Mary Wiseman as Martha Washington and Tricia O'Neill-Politte an interpreter at Mount Vernon Estate.

Smiles Through Sorrow

A dedication to Lady Washington

So aptly portrayed by Mary Wiseman

My daughter died today.

Dear Patsy who was but seventeen,

Another piece of my heart broken and dissolved in tears

I clasped her precious hand and thought I would not survive this time

My babies, Daniel, and too many others . . .

Then I felt your hand on my shoulder,

A reminder you shared my grief, and I was not alone.

Your quiet, wordless strength gave me comfort,

And I smiled up at you through my sorrow.

The war began today.

A Revolution like no other,

Standing tall, you were their chosen Commander of course.

You clasped me close and bade farewell, saying the country needed you.

I could not bear the long separation,

Gathering medicines and blankets, I went to you in the terrible winters.

Our poor soldiers, ravaged by hunger and shivering in the snow,

Thanked me as my tears welled,

But I smiled at them through my sorrow.

My son died today.

Not in battle, but of fever, a worse enemy to me.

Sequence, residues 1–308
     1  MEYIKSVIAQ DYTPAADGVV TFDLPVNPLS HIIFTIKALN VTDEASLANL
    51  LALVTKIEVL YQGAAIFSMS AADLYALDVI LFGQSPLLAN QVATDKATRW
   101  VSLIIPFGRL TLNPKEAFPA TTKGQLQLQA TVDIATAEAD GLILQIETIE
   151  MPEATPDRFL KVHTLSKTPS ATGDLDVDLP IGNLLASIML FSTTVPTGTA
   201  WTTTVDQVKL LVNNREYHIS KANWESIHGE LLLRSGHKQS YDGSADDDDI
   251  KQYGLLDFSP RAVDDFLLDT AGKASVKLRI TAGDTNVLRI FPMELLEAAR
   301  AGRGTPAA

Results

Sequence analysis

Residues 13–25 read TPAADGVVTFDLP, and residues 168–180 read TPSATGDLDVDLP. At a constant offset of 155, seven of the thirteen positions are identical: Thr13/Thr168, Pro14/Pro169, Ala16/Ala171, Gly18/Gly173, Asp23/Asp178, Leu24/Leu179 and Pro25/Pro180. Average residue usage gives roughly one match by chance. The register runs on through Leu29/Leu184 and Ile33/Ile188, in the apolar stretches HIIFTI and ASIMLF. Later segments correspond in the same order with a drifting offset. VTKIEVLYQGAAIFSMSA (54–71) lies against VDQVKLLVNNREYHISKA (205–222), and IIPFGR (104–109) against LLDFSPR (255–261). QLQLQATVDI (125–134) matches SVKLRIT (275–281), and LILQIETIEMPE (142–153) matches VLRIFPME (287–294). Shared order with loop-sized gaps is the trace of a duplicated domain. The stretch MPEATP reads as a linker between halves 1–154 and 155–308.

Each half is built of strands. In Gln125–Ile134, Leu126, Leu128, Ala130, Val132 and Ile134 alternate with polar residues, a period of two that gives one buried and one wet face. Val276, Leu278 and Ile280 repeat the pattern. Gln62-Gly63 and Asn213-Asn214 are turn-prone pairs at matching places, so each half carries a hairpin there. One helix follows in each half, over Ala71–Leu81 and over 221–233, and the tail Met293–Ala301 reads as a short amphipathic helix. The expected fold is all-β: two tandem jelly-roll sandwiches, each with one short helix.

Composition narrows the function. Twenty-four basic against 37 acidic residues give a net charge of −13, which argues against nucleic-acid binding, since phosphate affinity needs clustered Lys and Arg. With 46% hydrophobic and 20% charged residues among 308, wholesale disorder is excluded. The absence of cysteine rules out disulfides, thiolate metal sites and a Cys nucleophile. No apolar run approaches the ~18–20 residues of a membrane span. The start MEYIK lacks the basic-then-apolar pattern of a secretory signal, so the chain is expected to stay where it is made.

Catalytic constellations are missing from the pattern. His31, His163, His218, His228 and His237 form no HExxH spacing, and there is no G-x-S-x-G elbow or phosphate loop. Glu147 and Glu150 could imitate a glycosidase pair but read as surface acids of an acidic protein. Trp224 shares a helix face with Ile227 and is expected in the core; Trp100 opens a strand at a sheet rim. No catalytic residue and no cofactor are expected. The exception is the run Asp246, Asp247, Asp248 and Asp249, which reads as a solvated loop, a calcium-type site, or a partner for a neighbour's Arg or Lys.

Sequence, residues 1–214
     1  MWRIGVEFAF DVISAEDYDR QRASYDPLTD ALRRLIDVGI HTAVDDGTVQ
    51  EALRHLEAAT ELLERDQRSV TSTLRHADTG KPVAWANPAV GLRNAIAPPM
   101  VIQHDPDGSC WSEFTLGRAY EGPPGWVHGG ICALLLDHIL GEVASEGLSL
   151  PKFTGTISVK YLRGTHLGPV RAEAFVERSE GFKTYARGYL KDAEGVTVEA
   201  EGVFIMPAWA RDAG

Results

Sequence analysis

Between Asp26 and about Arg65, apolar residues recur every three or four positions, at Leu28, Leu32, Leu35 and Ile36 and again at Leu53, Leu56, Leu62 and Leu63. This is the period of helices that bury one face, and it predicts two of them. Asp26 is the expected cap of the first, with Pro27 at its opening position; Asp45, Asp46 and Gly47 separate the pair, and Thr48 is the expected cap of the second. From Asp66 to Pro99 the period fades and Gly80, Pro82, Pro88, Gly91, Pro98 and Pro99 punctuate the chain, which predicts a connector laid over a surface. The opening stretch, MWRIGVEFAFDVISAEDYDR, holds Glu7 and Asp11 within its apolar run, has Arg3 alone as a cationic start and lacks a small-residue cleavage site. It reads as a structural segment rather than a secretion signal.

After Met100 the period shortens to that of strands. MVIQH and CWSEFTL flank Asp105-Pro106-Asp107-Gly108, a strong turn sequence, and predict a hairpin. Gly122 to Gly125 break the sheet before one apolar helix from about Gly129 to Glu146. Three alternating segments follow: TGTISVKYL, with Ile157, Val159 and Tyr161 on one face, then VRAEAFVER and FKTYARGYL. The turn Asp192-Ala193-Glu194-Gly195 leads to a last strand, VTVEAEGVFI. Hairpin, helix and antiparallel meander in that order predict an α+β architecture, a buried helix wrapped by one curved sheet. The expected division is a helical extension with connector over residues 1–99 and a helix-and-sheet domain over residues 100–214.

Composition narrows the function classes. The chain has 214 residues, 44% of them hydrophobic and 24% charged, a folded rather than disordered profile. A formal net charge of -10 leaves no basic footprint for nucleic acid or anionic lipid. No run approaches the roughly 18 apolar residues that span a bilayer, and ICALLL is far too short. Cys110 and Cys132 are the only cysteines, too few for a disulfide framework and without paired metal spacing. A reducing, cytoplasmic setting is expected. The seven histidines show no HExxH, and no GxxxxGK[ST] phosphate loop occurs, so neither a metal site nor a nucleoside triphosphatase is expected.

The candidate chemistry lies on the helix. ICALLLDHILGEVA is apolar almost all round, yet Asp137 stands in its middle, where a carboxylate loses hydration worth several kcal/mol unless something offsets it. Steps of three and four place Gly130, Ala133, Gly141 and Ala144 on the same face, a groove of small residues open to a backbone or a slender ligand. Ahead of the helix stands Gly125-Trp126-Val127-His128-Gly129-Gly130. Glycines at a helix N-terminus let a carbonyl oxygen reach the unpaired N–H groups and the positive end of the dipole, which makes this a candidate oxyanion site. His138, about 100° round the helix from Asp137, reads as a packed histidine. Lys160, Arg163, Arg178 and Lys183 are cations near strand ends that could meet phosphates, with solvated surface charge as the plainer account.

His young wife and I hastened from our home,

And you from battle, to where he lay.

We watched the waning of his bright, young life.

At home, I gathered his little ones to my breast,

Knowing they will scarce remember their dear father.

I gazed upon them and saw my Jacky in their sweet faces.

And I smiled at them through my sorrow.

My husband died today.

Not a general, not a president, but my Beloved.

The nation mourns, but cannot match the depth of my despair.

Your dear letters both comfort me and renew my grief

As I read them one last time and watch each slowly burn,

The wisps of smoke remind me of the days that are no more

But my memories last, forty-one years of a shared life.

Knowing I shall soon follow, I lift my face to the heavens

And I smile up at you through my sorrow.

— Tricia O’Neill-Politte

The writer is an interpreter at Mount Vernon Estate.